“It’s a maddening betrayal of crypto’s foundational principles, a sellout to traditional finance and a surrender of our ideals,” said Charles Storry, head of growth at crypto index platform Phuture. “Satoshi Nakamoto’s vision of a permissionless liberation from government now lies in the hands of the world’s largest establishment, asking America’s regulators to approve something that makes bitcoin just like any other asset class,” he added.
Some still fight the good fight. Last month Erik Voorhees, founder of crypto platform ShapeShift and ardent crypto-libertarian, tried to rally the faithful: “Before crypto, all movement of funds required someone’s permission . . . try moving ten thousand dollars across a border and you’ll be swiftly reminded of the permissions that are imposed on you . . . so thank God a permissionless form of money was invented.”
But the excitement around BlackRock illustrates how the narrative on crypto has moved on as the reality of life intrudes. There is an argument that crypto should take what it can get: ETF approvals would be rare wins for a world whose former figurehead is on trial for fraud in New York, and whose biggest surviving companies are facing lawsuits for violating securities laws and illegally accessing US customers.
It’s also easy to imagine that a successful BlackRock application would send the price of bitcoin flying. “A BlackRock approval can open the tap for a lot of wealth managers and asset managers to take even a small position on bitcoin, it can potentially be a game-changer,” added Javier Rodriguez-Alarcon, chief commercial officer at XBTO, a digital assets platform.
But not even a potential bull run for bitcoin can shake off the sense of capitulation for the industry’s die-hards.
Only El Salvador and the Central African Republic adopted bitcoin as legal tender, nor did it really bank the unbanked, or seriously provide a financial lifeline to those living under an authoritarian regime. Instead Wall Street has executed its own takeover. Satoshi envisaged a unfluctuating world, where records are immutable and there are a finite number of bitcoins, 21mn. An ETF is a securitised version of bitcoin but it can be replicated, scaled and traded to match demand.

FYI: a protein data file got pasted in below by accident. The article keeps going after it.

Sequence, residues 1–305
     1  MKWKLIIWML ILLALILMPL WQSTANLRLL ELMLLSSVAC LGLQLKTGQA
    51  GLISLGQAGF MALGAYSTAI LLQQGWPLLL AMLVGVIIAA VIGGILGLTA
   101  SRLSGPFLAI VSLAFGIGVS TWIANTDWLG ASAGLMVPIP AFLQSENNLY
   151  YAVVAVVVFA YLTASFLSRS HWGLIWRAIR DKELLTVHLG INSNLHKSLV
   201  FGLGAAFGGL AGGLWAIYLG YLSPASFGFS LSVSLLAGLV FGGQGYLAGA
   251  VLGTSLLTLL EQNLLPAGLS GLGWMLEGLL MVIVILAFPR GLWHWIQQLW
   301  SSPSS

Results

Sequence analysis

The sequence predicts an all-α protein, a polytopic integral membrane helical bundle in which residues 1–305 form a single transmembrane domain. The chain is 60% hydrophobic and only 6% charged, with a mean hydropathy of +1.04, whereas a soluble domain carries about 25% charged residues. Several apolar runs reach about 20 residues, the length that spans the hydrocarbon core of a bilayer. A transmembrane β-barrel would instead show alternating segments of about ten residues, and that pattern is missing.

As Matthew Cloete, head of marketing at Ryze, a London crypto trading firm, notes: “Most people think that the ETF is going to be the catalyst for the next bull market, which just goes to show how far we have strayed from the original vision, almost as if we’re throwing in the towel.”
What’s your take on crypto’s hopes for a BlackRock ETF? As always, email me at [email protected]. FTX trial latest The trial of Sam Bankman-Fried took another turn when the disgraced former FTX kingpin decided he would testify in his own defence. Defence lawyers don’t usually advise this course of action to clients but observers say the prosecution has put forward a powerful case. Plus, it’s no surprise to anyone who has followed Bankman-Fried closely that he would want to tell his version of events. Bankman-Fried’s defence got off to an unusual start: the judge sent the jury home while he decided what evidence can be repeated in front of jurors when they return today. His lawyers have already publicly laid out the plan: SBF was following legal advice in many of his actions and lawyers help draft many of the policies, such as data retention (or lack of it) and how customer money intended for FTX ended up in his Alameda Research trading arm. Soundbite of the week: Senator Lummis turns up the heat The wind has changed direction on crypto in Washington after Hamas’s attack on Israel this month. Last week, I reported that Israeli law enforcement authorities ordered the closure of more than 100 Binance accounts, and Tether had frozen 32 addresses linked to “terrorism and warfare” in Israel and Ukraine. Now senator Cynthia Lummis and representative French Hill have urged the Department of Justice to speed up investigations into crypto’s two largest players: the Binance exchange and Tether, the stablecoin provider. “We urge the Department of Justice to carefully evaluate the extent to which Binance and Tether are providing material support and resources to support terrorism through violations of applicable sanctions laws and the Bank Secrecy Act. To that end, we strongly support swift action by the Department of Justice against Binance and Tether to choke off sources of funding to the terrorists currently targeting Israel.” Data mining: A final word on BlackRock and bitcoin The importance of the US regulator to a bitcoin ETF approval is underscored by location of bitcoin assets under management. The US is far ahead of the rest of the world, as figures from CCData show. Moreover the total value of bitcoin under management has increased by almost $3bn this month, to the highest point since June. FT Cryptofinance is edited by Philip Stafford. Please send any thoughts and feedback to [email protected].